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# Do Black Holes Equal Universes?

sarek

1
Tue 18 Nov, 2008 02:03 am
@validity,
validity wrote:
I think it does. In the analogy of the cannonball, the cannon would be at the centre of the universe. If there was such a centre, where all matter exploded outwards from, then there is pre-existing space in order for the matter to move into. Not only is there a centre, there would be a leading edge or boundary of matter, beyond which is empty space. The most powerful telescopes do not see empty space at the limit of observation, they observe the cosmic microwave background radiation. There is no empty space waiting for matter to whiz through.

Yes, I admit I struggled with that problem as well. You effectively need to translate a 3D analogy into a 3-plus-whatever D reality. And it is not certain what the effect would be. That's the hurting head part.

Still, questions remain:
Would our universe in the absence of any mass at all revert to a 3D universe?
Is the universe infinite in an absolute sense, or does it only appear so to observers because it is curved and we simply can't see past 14 billion light years?
Or is it strictly finite and will it only become infinite after an equally infinite amount of time has passed?

validity wrote:
While it is true that you can think of each point in the universe in a relativistic sense as being the centre of the universe, I do not think the analogy of all matter (cannonball) exploded out from a source (cannon) is compatible with this. If the Milky Way can be considered the centre of the universe, then where is the cannon that the Milky Way came from? If it is equally valid that Andromeda is the centre of the universe, where is its cannon etc.

An infinite number of Planck sized cannon perhaps?

validity wrote:

...
It is the distance between sufficiently distant galaxies that is expanding. In the analogy of the cannonball, there is no explosion in the cannon that propels the cannonball. The distance between the cannon and the cannonball grows over time. There is no energy imparted from the cannon to the cannonball. The cannonball becomes more distant from the cannon due to an unseen force.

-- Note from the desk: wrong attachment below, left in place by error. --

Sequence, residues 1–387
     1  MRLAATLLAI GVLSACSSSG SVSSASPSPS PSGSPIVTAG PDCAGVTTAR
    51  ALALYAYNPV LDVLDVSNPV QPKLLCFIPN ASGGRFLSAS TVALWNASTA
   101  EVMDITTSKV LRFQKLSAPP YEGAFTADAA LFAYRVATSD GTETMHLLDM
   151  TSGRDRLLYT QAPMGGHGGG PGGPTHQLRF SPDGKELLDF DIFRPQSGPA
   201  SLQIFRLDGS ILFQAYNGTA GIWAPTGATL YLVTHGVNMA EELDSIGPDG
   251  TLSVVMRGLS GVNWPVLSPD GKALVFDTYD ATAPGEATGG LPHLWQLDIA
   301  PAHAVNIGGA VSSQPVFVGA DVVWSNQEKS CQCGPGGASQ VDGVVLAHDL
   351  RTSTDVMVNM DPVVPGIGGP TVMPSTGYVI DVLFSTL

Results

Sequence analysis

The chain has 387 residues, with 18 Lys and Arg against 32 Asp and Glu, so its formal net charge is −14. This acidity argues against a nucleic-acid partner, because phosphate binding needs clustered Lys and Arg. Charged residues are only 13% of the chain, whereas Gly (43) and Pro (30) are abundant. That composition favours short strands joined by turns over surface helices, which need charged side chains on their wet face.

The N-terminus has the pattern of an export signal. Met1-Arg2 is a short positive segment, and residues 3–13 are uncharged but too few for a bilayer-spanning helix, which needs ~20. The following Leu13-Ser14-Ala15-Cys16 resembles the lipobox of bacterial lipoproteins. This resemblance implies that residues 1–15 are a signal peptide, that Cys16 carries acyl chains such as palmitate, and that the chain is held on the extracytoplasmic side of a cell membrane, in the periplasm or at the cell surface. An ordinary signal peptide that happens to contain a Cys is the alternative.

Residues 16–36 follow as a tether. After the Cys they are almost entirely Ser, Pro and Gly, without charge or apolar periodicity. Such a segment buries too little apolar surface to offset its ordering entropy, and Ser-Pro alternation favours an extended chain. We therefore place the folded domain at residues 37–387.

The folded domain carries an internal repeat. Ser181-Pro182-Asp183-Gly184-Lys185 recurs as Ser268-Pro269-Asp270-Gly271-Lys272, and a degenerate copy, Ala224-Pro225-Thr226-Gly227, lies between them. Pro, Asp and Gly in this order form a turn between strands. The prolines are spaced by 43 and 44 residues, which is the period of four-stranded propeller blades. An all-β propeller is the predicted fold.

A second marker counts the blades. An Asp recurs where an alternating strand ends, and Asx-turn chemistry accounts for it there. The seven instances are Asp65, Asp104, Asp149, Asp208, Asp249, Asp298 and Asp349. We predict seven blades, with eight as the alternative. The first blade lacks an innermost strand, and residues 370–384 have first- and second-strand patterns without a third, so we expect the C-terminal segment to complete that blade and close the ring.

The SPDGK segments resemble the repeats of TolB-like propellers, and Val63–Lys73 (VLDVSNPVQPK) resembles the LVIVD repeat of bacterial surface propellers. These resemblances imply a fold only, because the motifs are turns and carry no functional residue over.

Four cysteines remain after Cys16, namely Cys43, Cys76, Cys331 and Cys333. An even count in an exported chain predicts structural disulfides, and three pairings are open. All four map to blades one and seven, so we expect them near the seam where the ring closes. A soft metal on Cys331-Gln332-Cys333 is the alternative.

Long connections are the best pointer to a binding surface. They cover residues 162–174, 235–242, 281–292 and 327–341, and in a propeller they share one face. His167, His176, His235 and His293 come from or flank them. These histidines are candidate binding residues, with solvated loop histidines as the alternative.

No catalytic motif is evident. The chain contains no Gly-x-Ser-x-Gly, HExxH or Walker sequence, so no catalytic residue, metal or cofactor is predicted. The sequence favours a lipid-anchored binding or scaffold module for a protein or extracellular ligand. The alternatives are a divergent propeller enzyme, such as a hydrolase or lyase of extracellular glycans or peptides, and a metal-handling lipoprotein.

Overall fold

Am I correct in assuming that the concept of seeing the expansion of the universe as a geometrical effect rather than as a force is comparable to what Einstein did to Newtons concept of gravity? To mere mortals falling out of tall buildings gravity still feels like a force(or rather the shedding of accumulated KE upon landing does)

validity wrote:
It is becuase that it is correct to think there is no true centre, that removes the idea that there is an outward explosion of matter in pre-existing space.

This is why I was unsure if KE and PE could be used.

I still need to think about this. If we launch a rocket we can surely use KE and PE, no question. If we consider the orbits of planet around stars and even of stars in galaxies we can still use them. The concepts are even used in the virial theorem. Why would they not work on the macroscopic level?
BaCaRdi

1
Tue 18 Nov, 2008 10:07 am
@sarek,
sarek wrote:
Yes, I admit I struggled with that problem as well. You effectively need to translate a 3D analogy into a 3-plus-whatever D reality. And it is not certain what the effect would be. That's the hurting head part.

Still, questions remain:
Would our universe in the absence of any mass at all revert to a 3D universe?
Is the universe infinite in an absolute sense, or does it only appear so to observers because it is curved and we simply can't see past 14 billion light years?
Or is it strictly finite and will it only become infinite after an equally infinite amount of time has passed?

An infinite number of Planck sized cannon perhaps?

Am I correct in assuming that the concept of seeing the expansion of the universe as a geometrical effect rather than as a force is comparable to what Einstein did to Newtons concept of gravity? To mere mortals falling out of tall buildings gravity still feels like a force(or rather the shedding of accumulated KE upon landing does)

I still need to think about this. If we launch a rocket we can surely use KE and PE, no question. If we consider the orbits of planet around stars and even of stars in galaxies we can still use them. The concepts are even used in the virial theorem. Why would they not work on the macroscopic level?

Agreed here!
Would our universe in the absence of any mass at all revert to a 3D universe? <--nope it's many more than that..agreed.

The Universe is indeed timeless....agreed!

The concepts are even used in the virial theorem. Why would they not work on the macroscopic level? <--- agreed! Nano to Macro are nondiscriminations of the forces at hand....

Thank you my friend;)

-Marco
xris

1
Tue 18 Nov, 2008 12:58 pm
@BaCaRdi,
I mentioned the torus some time ago and step by step you appear to be approaching the same conclusions but a bit toooo slow for me ..can you google it please ..
0 Replies

sarek

1
Tue 18 Nov, 2008 03:40 pm
@dkane75,
This torus topology seems like an interesting idea. If I understand this right it would be consistent with a critical density universe(not an open or closed one).